- Jamie Moyer also allowed seven hits and only walked two Mets, but he didn’t fare nearly as well as Dickey. Jose Reyes led off the game by grounding one “past a diving Polanco”, advanced to second on a Castillo bunt, stole third, and scored on a hard groundout to short from Jason Bay. It was a classic “Reyes run” and the Mets never looked back (Reyes also had an RBI triple in the top of the ninth).
- Even though Bay’s streak of reaching base ended at eight consecutive plate appearances, his hard hit grounder was enough to score Reyes. He’s still locked in at the plate and producing.
- Speaking of producing, Jeff Francoeur had three consecutive productive plate appearances. He missed some very hittable pitches in his first at bat but reached out and pulled an outside change-up to left to knock in the Mets’ second run in the bottom of the second. In the bottom of the fourth, he hit a deep sacrifice fly to center field to score David Wright. He then lead off the bottom of the sixth with a double and scored the Mets’ fifth run on a pinch-hit single from The Animal, Chris Carter. Frenchy is still a below-average hitter, but hopefully tonight’s performance will get him started again.
- Raul Valdes relieved Dickey in the top of the seventh. He struck out Chase Utley and Ryan Howard and induced Jayson Werth to ground out to Wright. He walked Castro with two outs in the top of the eighth but quickly retired pinch hitter Ben Francisco, then hit a two out, RBI double over Werth’s head in the top of the ninth. He would stay in to finish off the Phightin’s in the top of the ninth, giving the rest of the bullpen an extra day off.
- The Mets scored three consecutive two-out runs in the bottom of the eighth off of ex-Met Nelson Figueroa, highlighted by Valdes’ double and Reyes’ triple. It was a great relief to see them add to their lead: it’s been awhile since they’ve had nice easy win.
It was a nice, easy win, but tomorrow is another day. Your starters will be Joe Blanton for the Phillies and Hisanori Takahashi for the Mets. Hopefully the Mets will keep the pedal to the medal and pick up some more ground in the NL East. Let’s go Mets!
Posted in Jeff Francoeur, Jose Reyes, Mets | Tagged: Carlos Ruiz, Chase Utley, Chris Carter, David Wright, Jamie Moyer, Jason Bay, Jayson Werth, Jeff Francoeur, Jose Reyes, Juan Castro, Luis Castillo, Mets, Phillies, Placido Polanco, R.A. Dickey, Raul Ibanez, Raul Valdes, Ryan Howard | Leave a Comment »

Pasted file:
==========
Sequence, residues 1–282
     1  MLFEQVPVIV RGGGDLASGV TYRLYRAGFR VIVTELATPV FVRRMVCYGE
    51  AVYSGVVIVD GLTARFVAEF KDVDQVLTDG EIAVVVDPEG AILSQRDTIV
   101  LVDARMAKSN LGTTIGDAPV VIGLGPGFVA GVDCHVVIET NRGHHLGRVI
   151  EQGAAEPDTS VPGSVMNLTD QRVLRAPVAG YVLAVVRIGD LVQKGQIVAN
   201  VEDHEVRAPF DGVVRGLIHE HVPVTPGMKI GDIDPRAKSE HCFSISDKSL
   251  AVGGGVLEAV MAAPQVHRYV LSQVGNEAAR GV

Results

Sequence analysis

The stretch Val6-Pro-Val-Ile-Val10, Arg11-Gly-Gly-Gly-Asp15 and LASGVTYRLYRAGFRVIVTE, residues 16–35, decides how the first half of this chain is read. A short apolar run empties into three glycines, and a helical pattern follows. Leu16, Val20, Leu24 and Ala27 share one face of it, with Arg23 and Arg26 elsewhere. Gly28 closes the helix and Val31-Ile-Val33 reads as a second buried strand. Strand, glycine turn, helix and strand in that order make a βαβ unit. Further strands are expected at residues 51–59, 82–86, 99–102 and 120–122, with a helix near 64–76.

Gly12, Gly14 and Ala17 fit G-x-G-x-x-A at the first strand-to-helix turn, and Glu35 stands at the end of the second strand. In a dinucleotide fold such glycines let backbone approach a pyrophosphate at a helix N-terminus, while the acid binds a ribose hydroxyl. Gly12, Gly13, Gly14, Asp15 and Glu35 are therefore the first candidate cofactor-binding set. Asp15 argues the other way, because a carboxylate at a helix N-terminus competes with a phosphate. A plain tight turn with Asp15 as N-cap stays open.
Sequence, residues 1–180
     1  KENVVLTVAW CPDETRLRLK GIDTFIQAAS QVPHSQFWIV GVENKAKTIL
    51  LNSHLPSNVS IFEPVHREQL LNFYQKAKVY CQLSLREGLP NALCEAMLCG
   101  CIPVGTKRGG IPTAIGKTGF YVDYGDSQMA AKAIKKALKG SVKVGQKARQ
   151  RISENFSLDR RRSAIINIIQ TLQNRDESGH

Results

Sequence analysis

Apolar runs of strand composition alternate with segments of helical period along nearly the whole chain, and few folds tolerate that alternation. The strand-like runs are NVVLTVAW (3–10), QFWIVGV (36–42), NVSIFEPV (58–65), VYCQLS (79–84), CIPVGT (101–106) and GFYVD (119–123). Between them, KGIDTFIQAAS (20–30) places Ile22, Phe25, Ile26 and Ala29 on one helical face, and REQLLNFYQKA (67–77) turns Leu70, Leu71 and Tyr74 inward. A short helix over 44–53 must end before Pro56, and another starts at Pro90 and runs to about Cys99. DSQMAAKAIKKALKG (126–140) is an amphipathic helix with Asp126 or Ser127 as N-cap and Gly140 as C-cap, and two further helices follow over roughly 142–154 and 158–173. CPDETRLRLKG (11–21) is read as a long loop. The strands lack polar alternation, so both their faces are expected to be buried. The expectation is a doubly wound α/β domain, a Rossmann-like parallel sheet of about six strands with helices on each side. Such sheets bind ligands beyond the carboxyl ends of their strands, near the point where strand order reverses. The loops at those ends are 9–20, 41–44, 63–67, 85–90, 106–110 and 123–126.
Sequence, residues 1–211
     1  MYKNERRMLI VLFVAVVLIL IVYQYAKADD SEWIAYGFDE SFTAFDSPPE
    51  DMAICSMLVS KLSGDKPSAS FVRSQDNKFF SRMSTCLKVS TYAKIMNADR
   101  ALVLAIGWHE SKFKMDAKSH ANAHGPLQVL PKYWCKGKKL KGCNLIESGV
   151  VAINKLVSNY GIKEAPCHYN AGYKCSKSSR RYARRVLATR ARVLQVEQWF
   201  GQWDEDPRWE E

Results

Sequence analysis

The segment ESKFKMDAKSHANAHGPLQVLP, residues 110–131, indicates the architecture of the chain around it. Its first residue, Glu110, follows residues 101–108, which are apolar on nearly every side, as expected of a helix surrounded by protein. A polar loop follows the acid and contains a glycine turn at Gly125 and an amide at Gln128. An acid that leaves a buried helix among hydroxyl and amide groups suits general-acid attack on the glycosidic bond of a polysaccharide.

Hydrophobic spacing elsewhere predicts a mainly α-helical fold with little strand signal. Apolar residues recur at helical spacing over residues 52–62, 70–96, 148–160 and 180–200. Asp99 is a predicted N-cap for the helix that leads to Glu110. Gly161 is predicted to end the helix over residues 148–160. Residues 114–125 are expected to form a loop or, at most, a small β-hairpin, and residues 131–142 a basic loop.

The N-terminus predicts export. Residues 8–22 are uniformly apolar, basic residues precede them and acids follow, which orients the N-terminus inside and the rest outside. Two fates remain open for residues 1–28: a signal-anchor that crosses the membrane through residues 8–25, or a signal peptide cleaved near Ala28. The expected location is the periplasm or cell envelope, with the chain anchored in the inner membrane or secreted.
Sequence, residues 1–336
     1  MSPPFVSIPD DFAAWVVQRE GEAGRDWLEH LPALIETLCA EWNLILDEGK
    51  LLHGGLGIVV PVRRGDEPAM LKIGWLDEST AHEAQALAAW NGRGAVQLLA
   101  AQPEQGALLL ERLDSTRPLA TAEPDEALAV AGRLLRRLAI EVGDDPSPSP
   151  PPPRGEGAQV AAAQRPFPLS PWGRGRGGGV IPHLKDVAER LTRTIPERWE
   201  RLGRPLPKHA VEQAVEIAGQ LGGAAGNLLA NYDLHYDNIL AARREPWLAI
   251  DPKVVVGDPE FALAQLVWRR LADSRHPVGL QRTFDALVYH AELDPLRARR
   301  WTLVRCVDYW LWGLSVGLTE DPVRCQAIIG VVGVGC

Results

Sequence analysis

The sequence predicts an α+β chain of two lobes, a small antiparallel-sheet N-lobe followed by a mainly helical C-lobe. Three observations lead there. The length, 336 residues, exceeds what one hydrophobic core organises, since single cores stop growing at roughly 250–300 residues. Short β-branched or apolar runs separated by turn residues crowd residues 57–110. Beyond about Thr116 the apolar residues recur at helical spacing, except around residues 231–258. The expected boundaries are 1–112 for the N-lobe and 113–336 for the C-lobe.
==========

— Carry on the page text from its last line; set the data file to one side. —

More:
Posted by JD on April 26, 2010
The Phillies signed first baseman Ryan Howard to a five-year, $125 million extension (with a team option for a sixth year, which, if exercised, would make the total value $138 million). Thank you, Ruben Amaro!
There are two reasons for my reaction: the impact on the Phillies’ payroll, and the ripple effect throughout the league. Let’s tackle them in that order.
The Phillies’ Payroll: According to Cot’s Baseball Contract’s, the Phillies payroll for this season is about $138 million. That’s bound to increase next season as they already have commitments to 17 players exceeding $134 million. They can basically kiss Jayson Werth goodbye, and they better hope their farm system produces a few cheap replacements, because they’re not going to be able to spend a lot on the open market.
Now, you can’t blame that on entirely on the extension because 2011 is the final year of Howard’s current deal: the Phillies were already committed to (over)paying him. The extension starts in 2012 and the Phillies payroll for that season is already $86 million (for just eight players). Now, this is where it starts to get fun. Howard will be 32 that year and, mostly likely, he’s going to be an old 32. Adrian Gonzalez and Prince Fielder will both be free agents heading into that season (barring any trades or extensions, obviously) and will be 30 and 28, respectively. The Phillies commitment to Howard, who can’t play anything but first (and not very well at that), takes them out of the market for Gonzalez and Fielder. As much as we all love Ike Davis, the Mets would have to get involved. With the Yankees committed to Mark Teixiera and the Phillies out of the game, they’d probably have only the Red Sox as competition, meaning Davis would be moving out to the outfield in 2012.
The Ripple Effect: This is what makes me positively giddy. Howard is inferior to both Gonzalez and Fielder, yet the Phillies just signed him to an extension that has an average annual value greater than everyone other than A-Rod. Think their agents aren’t sending gift baskets to Citizen’s Bank Park? What’s particularly intriguing about the scenario is that Milwaukee and San Diego are two of the smaller markets in the league. They don’t have the resources to devote $25 million to one player. The Mets do, and they’re aided by an additional factor: Carlos Beltran’s $17 million contract comes off the books after 2011, giving them even more payroll room*. It’s like the Perfect Storm: the Phillies took themselves off the market, but elevated the price tags to the point that only the large market teams can afford to pay them.
*As much as I love Beltran, I’m slowly coming to grips with the fact that he may never be the awesome force that he once was. He’ll turn 35 in 2012 and will likely still be dealing with the fallout from his current injury. I just don’t know how wise it would be to resign him to a big-money deal. Only time will tell, but for purposes of this discussion I’m going to assume that the Mets will look to move on.
And then there’s the elephant in the room: if a 32 year-old Ryan Howard is worth $25 million a year, what is a 32 year-old Albert Pujols worth? $35 million? $40 million? More? The Cardinals have substantially more flexibility in 2012 than the Phillies with only $31 million committed to just four players (but my gosh, how horrible does that $12 Kyle Lohse commitment look now?). But I have to think that if Pujols refused to give the Cardinals a discount, they’ll be hard pressed to meet his demands.
If Pujols does hit the market, the Mets will face competition from both the Yankees and Red Sox (regardless of who they have under contract at the time). Landing Pujols would be a long-shot, but stranger things have happened. And we would have one of our most hated rivals to thank for making it all possible.
Posted in Mets | Tagged: Adrian Gonzalez, Brewers, Cardinals, Ike Davis, Mets, Padres, Phillies, Prince Fielder, Ruben Amaro, Ryan Howard | 3 Comments »